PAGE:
6. Thin fruit clusters.

This may seem counterintuitive, but thinning out clusters of baby lemons may actually help more lemons to fully develop on the tree. And the remaining lemons will be bigger and better.

Even small lemon trees produce hundreds of blossoms – far more than will actually grow into lemons. Once the blossoms are pollinated, they begin to form tiny fruits. As the baby lemons grow, the tree will naturally drop many of them since it can only support so much fruit.

Once the tiny lemons are about the size of a dime, look for dense clusters on the tree. Gently pinch off some baby lemons so that each cluster is left with no more than 2 or 3 lemons. Also, look down the length of each branch, and pinch off any lemons that are growing too close together. Aim for 4-6 inches between fruits.

By hand-thinning the remaining lemons, you increase the tree’s ability to support all of the developing fruit. This means more lemons will grow to full maturity, giving you a more robust harvest.

7. Protect from extreme temperatures.

Frost damage is a common reason for a small lemon crop. If there is a late frost in spring as the tree is blossoming, it could kill off most of the blossoms and young fruits. The tree may struggle to recover that season, so the lemon crop will likely be smaller.

Cold temperatures throughout the winter can damage lemon trees and inhibit blossom and fruit production. Most lemon trees only tolerate temperatures to about 32° F. They can be grown in USDA zones 8-11, but even in zones 8 and 9 they will need some winter protection.

The easiest way to protect lemon trees in the winter is to plant them in containers, then move the pots to a sheltered spot (a shed, garage, or indoors) during the cold months. If your tree is planted in the ground, you can use mulch, frost blankets, and warming lights to prevent frost damage.

Extreme heat can inhibit fruit growth as well. A lemon tree will slow its growth during summer heat spells. If the heat is prolonged, the tree may drop its fruit as a way to conserve energy. High temperatures can also lead to drought stress, which can also cause fruit drop.

I live in zone 8b, in an area with very hot and humid summers. If you live in a hot climate like me, find a spot for your lemon tree so it experiences some late afternoon shade. Protection from direct sun during the hottest part of the day minimizes stress on the tree.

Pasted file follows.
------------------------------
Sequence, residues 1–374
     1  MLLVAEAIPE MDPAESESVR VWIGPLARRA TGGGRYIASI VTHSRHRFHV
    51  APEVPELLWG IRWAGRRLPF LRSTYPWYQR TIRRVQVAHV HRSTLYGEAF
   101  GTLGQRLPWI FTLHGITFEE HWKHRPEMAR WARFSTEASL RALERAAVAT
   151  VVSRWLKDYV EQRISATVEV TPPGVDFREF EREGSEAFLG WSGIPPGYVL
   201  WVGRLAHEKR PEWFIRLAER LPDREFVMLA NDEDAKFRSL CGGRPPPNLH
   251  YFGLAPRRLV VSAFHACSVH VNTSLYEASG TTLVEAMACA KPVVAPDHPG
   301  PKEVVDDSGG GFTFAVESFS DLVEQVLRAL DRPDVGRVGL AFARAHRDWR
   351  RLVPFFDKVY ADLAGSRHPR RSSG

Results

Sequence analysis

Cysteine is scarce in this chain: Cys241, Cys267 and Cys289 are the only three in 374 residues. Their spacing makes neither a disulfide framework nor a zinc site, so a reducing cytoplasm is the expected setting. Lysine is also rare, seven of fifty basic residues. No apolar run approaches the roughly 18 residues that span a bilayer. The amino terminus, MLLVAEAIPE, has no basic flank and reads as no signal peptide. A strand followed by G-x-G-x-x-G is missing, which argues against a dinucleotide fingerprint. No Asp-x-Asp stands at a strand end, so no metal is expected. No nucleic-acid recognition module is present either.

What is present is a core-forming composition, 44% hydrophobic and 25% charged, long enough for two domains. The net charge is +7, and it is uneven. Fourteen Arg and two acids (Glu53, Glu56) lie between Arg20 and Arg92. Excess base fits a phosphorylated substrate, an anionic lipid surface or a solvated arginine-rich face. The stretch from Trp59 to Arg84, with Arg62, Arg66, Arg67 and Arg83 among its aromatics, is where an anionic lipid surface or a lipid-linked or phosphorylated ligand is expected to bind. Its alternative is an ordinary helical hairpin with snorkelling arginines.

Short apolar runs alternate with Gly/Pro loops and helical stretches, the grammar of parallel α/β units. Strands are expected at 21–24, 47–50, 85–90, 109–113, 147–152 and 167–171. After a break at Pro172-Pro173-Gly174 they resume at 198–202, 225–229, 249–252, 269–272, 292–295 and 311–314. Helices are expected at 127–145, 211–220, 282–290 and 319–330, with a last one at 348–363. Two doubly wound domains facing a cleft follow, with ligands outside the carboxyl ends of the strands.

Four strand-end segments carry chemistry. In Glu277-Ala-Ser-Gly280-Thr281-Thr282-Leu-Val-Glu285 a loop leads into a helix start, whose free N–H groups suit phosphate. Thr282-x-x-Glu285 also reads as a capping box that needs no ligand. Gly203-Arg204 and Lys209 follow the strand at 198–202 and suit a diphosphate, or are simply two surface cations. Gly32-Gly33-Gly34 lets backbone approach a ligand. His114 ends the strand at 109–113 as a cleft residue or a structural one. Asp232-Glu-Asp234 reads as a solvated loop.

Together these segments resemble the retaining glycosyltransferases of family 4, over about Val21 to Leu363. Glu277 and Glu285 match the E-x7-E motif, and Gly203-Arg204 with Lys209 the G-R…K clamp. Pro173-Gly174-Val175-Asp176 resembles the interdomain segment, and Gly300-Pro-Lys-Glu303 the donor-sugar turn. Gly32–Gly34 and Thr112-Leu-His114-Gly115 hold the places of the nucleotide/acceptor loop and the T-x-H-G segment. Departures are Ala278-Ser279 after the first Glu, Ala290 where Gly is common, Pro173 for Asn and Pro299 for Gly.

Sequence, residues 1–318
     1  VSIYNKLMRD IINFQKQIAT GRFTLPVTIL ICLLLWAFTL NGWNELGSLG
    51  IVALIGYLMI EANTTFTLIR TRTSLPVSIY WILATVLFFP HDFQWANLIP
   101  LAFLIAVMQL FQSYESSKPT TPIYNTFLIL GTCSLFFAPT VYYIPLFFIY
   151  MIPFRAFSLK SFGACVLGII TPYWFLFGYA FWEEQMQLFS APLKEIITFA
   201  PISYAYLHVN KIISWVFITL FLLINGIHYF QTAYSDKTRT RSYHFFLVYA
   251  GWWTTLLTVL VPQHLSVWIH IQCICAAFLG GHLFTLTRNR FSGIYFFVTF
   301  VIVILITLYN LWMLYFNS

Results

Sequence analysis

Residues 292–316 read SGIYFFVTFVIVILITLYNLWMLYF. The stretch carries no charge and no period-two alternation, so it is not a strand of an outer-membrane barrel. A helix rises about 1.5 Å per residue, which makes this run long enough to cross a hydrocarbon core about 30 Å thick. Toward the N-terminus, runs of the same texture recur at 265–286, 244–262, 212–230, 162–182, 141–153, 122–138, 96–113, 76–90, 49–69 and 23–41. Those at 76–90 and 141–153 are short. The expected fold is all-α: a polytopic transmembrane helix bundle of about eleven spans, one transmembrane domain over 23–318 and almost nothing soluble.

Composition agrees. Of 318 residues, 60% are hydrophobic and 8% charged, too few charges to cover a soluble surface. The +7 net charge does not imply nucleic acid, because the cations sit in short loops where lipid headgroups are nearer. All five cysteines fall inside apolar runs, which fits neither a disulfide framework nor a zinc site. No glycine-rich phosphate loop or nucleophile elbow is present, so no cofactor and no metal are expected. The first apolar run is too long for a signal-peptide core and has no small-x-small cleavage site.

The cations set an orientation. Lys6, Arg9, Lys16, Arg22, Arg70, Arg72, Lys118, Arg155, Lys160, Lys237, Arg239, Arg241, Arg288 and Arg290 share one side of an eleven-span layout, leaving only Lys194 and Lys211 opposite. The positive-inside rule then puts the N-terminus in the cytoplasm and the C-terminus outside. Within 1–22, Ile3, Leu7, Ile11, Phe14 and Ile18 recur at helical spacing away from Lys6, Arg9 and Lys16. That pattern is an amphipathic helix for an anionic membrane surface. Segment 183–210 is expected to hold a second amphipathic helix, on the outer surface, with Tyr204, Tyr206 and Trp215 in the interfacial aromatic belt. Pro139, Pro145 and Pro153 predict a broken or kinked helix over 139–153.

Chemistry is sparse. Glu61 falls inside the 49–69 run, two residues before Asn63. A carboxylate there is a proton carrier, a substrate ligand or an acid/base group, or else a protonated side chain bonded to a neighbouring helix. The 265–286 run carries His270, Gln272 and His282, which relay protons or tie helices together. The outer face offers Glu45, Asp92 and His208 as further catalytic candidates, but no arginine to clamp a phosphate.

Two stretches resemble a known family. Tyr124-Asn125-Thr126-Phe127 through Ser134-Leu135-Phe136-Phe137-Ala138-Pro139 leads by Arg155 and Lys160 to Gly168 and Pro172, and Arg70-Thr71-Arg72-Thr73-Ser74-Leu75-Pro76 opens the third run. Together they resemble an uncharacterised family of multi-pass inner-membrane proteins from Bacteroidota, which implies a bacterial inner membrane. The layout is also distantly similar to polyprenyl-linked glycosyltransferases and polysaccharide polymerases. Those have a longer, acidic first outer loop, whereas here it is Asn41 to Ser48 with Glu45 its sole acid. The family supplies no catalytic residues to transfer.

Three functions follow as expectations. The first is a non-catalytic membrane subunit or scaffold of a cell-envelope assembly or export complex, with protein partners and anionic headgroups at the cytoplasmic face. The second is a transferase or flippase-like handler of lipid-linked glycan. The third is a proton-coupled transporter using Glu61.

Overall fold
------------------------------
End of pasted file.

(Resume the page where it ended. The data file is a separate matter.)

8. Prevent pest and disease problems.

There are a lot of reasons to keep an eye out for pests and diseases, including the fact that these issues can affect fruit yield. The best way to prevent disease infections and pest infestations is with good overall cultural care (watering, fertilizing, sun, soil, etc.). The less stressed the tree is, the better it is able to withstand problems.

One of the side effects of a bad infestation or infection is fruit drop. If the lemon tree is trying to survive, the first thing it will do is conserve energy by dropping developing fruit. Or, if the fruit stays on the tree, it will often grow smaller and less flavorful.

Check out Lemon Tree Leaves Curling? Here’s What to Do About It and Yellowing Lemon Tree Leaves? Here’s 5 Reasons Why to learn more about how to deal with common lemon tree pests and diseases.

10. Increase pollination.

All of those lemon blossoms will never turn into fruit if they aren’t pollinated. The good news is – if your tree is outdoors – the bees will take care of that for you. Lemon trees are self-fertile, meaning they can be pollinated by flowers on the same tree.

You can plant some bee-friendly flowers and herbs close by to help attract even more pollinators. But I’ve noticed that the bees love the fragrant, pollen-laden lemon flowers no matter what else is nearby.

However, if you grow your lemons indoors, the flowers will need some help with pollination (unless you have bees in your house…). The good news is, pollinating lemon flowers by hand is easy. Just grab a cotton swab or dry paintbrush.

Look for male blossoms with little sacs of yellow pollen at the end of long filaments, collectively called stamen. Gently grab a little of the pollen with the brush or swab, and then transfer it to the sticky stigma of a female flower. The more bulbous stigma is located at the tip of a larger central filament, called a pistil.

Some lemon varieties have flowers with both male and female characteristics. Repeat the hand pollination with as many flowers as you can, then watch as baby lemons form over the next couple of weeks.

11. Be patient.

Sometimes, if you want a bigger lemon crop, the best thing you can do is wait. If the tree has been neglected, take steps to correct the issues – new soil, a new location, better fertilizing and watering regimens. Then just wait for the tree to recover its vigor. Lemons will soon follow.

If the tree is very young, it may just not be ready to support a full lemon crop. Grafted lemon trees, particularly dwarf varieties, need about 3 years before they’re ready to fruit. But for the first couple of seasons, they may only produce a handful of lemons.

Full-sized lemon trees may need 5-7 years, or more, before fruiting. In either case, once the tree is mature, it will probably provide you with more lemons than you know what to do with.

Dianna Grabowski

Dianna is a gardener and professional singer living in East Texas. After discovering her latent green thumb, she now has over 10 years of practical gardening experience. Dianna founded The Fruit Grove in 2022 as a way to expand and share her knowledge and love of growing fresh fruit. Learn more about Dianna.